Theme Game Day #9 – Location Games

28 Jan

If I was rich, and wasn’t scared of flying, this post would have pictures of each game being played in the location where the game is set. But I’m not rich, and I am terrified of airplanes…so we have a series of games set in far off locations, being played in Dublin, Ohio.

Game #1 – Versailles

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This was an interesting game about constructing the Palace of Versailles in France. It’s most definitely a roundel / worker movement game. You have to trek around the outside of the board, trying to get resources and the proper embellishments in order to eventually move to the center of the board and build the palace and surrounding gardens. This game has some interesting movement mechanics, which can make getting the right number of workers to the right spot at the right time quite a puzzle. I really enjoyed the first 3/4 of this game, but thought it lost steam right near the end of the game.  I have seen a fix which looks to be very popular that cures this one ailment. A big surprise hit, since I hadn’t heard of this game at all before.

Game #2 – San Juan

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San Juan distills the board game Puerto Rico into a quick-playing card game. It’s one of the first games I can think of that uses the cards in multiple ways. Cards are everything: they are the structures you build, the money you spend, and the goods you produce. For new players, this aspect of the game can be a bit mind-boggling, but seeing as how this is still being done in games like La Granja over a decade later, it’s obviously a mechanic that people like. For me, this is one of the best card games around. I need to upgrade to the new reprint at some point because the new cards look incredible, and I love the new buildings. A classic.

Game #3 – Assyria

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Assyria is a game where people starve, and get their villages washed away by floods – and you don’t really care as long as that ziggurat base got built or that well got dug. There are a bunch of mechanics that all work together just fine. There are some interesting choices whether to go for a long turn strategy (ziggurats) or more short term bursts of points (wells). Overall, I just didn’t feel like the game added up to much of anything exciting. I was also left with a bad taste in my mouth by the fact that you weren’t really trying to build a civilization. You just wanted them to live long enough for you to get your stuff built, and then you let them starve to death so you could repurpose their hut. Or, you purposely built huts on a river so that they would get flooded away (for big points). I didn’t care for that thematic turn much at all. It just didn’t do much for me.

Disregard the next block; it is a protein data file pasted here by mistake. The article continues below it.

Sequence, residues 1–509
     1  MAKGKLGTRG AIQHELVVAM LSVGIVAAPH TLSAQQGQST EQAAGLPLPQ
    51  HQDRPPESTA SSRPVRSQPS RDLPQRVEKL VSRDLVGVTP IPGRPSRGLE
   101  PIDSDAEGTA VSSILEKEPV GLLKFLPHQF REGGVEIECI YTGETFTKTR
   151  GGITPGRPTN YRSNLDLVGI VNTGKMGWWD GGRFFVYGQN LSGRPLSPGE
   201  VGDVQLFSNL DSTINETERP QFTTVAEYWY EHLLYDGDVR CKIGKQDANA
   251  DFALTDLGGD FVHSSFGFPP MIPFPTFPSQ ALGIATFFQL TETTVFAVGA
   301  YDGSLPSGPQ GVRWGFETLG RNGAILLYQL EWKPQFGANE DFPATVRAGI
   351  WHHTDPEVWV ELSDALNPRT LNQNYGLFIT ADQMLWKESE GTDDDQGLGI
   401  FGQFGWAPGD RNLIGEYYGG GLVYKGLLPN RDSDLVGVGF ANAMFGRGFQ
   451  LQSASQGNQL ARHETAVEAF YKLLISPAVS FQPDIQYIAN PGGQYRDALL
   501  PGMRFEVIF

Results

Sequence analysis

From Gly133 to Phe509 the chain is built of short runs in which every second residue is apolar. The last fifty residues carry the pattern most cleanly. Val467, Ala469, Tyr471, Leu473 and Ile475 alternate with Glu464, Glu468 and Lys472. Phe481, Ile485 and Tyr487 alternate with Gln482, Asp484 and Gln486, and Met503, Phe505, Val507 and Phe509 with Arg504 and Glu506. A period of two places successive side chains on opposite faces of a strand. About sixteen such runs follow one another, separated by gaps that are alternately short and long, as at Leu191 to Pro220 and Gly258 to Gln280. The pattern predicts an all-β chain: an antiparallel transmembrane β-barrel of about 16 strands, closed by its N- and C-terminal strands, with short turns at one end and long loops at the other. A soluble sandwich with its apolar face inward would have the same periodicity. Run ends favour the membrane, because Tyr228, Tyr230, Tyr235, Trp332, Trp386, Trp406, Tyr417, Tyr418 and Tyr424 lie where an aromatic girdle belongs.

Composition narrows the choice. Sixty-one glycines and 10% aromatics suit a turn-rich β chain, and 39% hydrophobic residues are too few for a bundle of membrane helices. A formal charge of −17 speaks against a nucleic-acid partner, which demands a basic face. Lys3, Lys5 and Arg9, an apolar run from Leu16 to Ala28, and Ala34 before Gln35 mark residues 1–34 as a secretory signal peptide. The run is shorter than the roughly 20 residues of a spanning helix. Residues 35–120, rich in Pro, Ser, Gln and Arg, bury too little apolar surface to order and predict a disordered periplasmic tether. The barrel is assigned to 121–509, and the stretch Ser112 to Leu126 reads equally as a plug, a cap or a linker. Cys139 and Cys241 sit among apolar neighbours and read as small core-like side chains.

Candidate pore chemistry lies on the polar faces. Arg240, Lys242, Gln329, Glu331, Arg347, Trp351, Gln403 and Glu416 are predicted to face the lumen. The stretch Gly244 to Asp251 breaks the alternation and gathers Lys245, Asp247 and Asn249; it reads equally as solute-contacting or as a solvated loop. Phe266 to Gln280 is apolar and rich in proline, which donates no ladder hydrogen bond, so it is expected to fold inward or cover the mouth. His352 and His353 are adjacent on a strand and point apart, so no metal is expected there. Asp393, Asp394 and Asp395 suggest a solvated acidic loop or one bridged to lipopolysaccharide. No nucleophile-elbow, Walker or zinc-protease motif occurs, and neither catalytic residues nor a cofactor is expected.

Game #4 – Tahiti

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Tahiti is an extremely pleasant little pick-up and deliver game. The game plays out over two phases. During Expansion, you create an island archipelago where you play out various goods cubes. There are a couple goals to the game. One, you want to try and complete as many sets of goods as you can because sets are bonus points. Plus, your family has a particular good that they really like, so if you can be the person at the table with the most of that, you’ll get a further bonus. The game has an interesting movement mechanic where the more goods your canoe carries, the slower you move. I also enjoy the fishing mechanic, where you draw resources out of a bag and hope you catch fish instead of bananas. Ok, so it doesn’t make a lot of sense, but it’s fun. This is quite a cute little filler game or a decent gateway title for new gamers. I really enjoyed Tahiti.

Game #5 – Istanbul with the Mocha & Baksheesh Expansion

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Let’s get this out of the way…

Istanbul is a game I’ve had a chance to play several times since it was released, and I do enjoy it quite a bit. The Mocha & Baksheesh Expansion adds several new ways to get resources and gems to the base game. Istanbul is ostensibly a race game, the goal is to be the first to get a certain number of gems (based on number of players). I don’t know whether it was the setup, or just my bad planning, but I found it much harder in this game to get where I needed to go. The extra tiles make the map a bit larger, so things can get spaced out a bit further. This makes planning your path that much more important. I felt like the game was moving slower than I was used to, despite playing with experienced players. Still a great game, but I’m not sure if I’m sold on the expansion being necessary yet. I need to give it another play.

The next theme: The Unwrapped. Games in our collections that had never been opened, much less played. Now granted, it was just a couple weeks after Christmas – so the next post will focus a bit more on newer games. We did get to a couple of dusty old games though that people may want to take a look at again.

 

 

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